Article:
Data Analysis Tools
With support from OJJDP, the National Center for Juvenile
Justice has developed a family of data analysis and dissemination
tools that give users quick and easy access to detailed statistics
on a variety of juvenile justice topics. Two such
applications provide access to data on juvenile victims:
- Westat Data Explorer--Fourth National Incidence Study of Child Abuse and Neglect (NIS–4).
This new data analysis tool was developed by Westat with support of NCJJ's OJJDP-funded National Juvenile Justice Data Analysis Program.
The NIS–4 data, collected in 2005 and 2006 by the U.S. Department of Health and Human Services' Administration for Children and Families,
provide updated estimates of the number of children who are abused or neglected. NIS-4 data combine information about children whose
maltreatment was investigated by child protective services with data on maltreated children identified by professionals.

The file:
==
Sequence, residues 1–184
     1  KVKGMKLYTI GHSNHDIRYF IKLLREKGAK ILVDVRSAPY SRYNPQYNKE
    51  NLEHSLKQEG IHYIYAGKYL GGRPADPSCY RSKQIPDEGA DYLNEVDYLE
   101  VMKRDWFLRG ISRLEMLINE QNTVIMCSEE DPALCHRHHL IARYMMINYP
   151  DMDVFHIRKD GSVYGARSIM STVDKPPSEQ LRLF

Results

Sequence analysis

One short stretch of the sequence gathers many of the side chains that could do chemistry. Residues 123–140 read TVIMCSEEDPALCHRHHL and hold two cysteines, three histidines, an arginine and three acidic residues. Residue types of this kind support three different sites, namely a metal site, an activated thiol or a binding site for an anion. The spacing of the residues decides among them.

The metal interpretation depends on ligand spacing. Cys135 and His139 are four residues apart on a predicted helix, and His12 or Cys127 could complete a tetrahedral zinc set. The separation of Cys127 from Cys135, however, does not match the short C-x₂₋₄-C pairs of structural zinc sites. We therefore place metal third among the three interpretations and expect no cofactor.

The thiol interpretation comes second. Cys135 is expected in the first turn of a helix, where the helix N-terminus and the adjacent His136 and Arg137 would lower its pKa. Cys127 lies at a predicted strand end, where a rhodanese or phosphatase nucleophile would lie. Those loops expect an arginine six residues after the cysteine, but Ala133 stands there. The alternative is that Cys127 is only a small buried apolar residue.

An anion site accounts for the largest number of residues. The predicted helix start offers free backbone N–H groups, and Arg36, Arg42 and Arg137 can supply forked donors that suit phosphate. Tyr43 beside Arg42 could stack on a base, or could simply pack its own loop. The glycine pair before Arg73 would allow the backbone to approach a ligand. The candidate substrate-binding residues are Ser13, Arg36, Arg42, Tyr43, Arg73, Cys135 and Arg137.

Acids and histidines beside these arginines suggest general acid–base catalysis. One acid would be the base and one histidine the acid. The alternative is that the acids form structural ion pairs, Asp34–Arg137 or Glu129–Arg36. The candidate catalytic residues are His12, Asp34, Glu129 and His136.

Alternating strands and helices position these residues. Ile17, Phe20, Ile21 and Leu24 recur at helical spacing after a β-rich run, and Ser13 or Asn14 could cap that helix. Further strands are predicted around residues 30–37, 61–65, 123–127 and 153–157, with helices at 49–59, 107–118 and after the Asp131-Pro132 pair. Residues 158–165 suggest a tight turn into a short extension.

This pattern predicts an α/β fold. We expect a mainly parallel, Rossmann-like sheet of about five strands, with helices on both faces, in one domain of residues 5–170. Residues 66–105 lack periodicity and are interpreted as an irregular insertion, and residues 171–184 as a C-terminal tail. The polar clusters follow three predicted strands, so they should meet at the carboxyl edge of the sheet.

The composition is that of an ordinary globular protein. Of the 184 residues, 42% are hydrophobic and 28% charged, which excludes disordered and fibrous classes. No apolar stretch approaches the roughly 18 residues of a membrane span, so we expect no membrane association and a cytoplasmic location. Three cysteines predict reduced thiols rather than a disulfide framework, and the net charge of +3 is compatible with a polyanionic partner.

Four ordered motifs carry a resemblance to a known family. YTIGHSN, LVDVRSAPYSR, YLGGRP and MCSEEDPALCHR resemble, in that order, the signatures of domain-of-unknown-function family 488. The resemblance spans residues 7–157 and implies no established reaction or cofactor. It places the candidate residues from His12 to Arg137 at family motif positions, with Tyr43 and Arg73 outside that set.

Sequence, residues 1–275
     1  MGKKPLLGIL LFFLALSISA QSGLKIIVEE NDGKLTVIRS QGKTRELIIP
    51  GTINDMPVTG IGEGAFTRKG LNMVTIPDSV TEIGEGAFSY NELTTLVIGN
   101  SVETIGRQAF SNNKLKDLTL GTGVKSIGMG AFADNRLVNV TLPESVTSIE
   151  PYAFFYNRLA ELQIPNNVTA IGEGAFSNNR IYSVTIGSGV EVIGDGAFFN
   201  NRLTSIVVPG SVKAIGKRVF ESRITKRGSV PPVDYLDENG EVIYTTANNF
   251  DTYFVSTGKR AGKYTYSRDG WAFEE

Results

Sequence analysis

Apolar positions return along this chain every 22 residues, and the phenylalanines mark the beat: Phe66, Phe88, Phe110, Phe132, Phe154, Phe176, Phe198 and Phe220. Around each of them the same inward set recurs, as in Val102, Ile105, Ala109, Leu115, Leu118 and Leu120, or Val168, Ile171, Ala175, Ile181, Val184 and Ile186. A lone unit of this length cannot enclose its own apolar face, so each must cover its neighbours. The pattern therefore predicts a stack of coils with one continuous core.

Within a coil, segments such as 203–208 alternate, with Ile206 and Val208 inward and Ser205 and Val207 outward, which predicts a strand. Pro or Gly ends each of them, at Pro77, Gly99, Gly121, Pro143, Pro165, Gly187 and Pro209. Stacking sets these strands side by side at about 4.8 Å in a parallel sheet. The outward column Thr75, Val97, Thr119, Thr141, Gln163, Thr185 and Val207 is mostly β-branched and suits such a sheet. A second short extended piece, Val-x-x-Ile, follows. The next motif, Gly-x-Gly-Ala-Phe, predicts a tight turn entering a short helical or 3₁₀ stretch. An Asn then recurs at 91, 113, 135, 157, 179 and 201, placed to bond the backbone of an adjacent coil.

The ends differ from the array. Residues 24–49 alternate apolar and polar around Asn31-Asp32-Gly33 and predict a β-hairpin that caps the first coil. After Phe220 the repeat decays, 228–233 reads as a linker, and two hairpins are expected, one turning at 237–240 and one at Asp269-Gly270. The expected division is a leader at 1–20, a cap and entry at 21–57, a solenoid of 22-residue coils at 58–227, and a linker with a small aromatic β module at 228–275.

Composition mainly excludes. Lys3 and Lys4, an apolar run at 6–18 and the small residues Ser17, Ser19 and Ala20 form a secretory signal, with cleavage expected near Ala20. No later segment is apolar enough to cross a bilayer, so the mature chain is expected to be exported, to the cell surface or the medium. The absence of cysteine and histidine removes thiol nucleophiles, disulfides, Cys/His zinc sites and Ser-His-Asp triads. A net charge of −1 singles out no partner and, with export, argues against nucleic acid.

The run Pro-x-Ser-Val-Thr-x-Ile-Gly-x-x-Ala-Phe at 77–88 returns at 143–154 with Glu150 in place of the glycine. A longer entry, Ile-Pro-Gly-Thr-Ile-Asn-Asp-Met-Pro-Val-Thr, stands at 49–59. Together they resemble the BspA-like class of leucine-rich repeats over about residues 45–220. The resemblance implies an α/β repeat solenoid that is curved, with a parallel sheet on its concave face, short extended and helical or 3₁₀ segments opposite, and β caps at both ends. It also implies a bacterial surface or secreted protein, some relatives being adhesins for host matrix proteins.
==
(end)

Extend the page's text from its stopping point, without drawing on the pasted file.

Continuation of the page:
NIS-4 also provides information on the nature and severity of the maltreatment, as well as the characteristics of children, perpetrators,
and families involved.
- Easy Access to the FBI's Supplementary Homicide Reports, gives users
quick access to detailed information on the characteristics of homicides dating back to 1980. Users can
analyze national and state data on victim and offender demographics (age, gender, and race/ethnicity), weapon use, and
victim-offender relationship—and can easily focus their analysis on juvenile victims in specific age groups.
The data are derived from information gathered annually by the Federal Bureau of Investigation in its
Supplementary Homicide Reporting Program.
Access to NIBRS Victims (2016) [formerly "Easy Access to NIBRS: Victims of
Domestic Violence"] allows users to analyze state-level data on victims of domestic violence as well as victims of all types of violence based on information collected by the FBI's National Incident-Based Reporting System (NIBRS). Users can explore the characteristics of victims, including demographic information of the victim (age, sex, and race), victim injury,and the victim-offender relationship. Data are based on incidents reported in 2016 from law enforcement agencies in more than 30 states.
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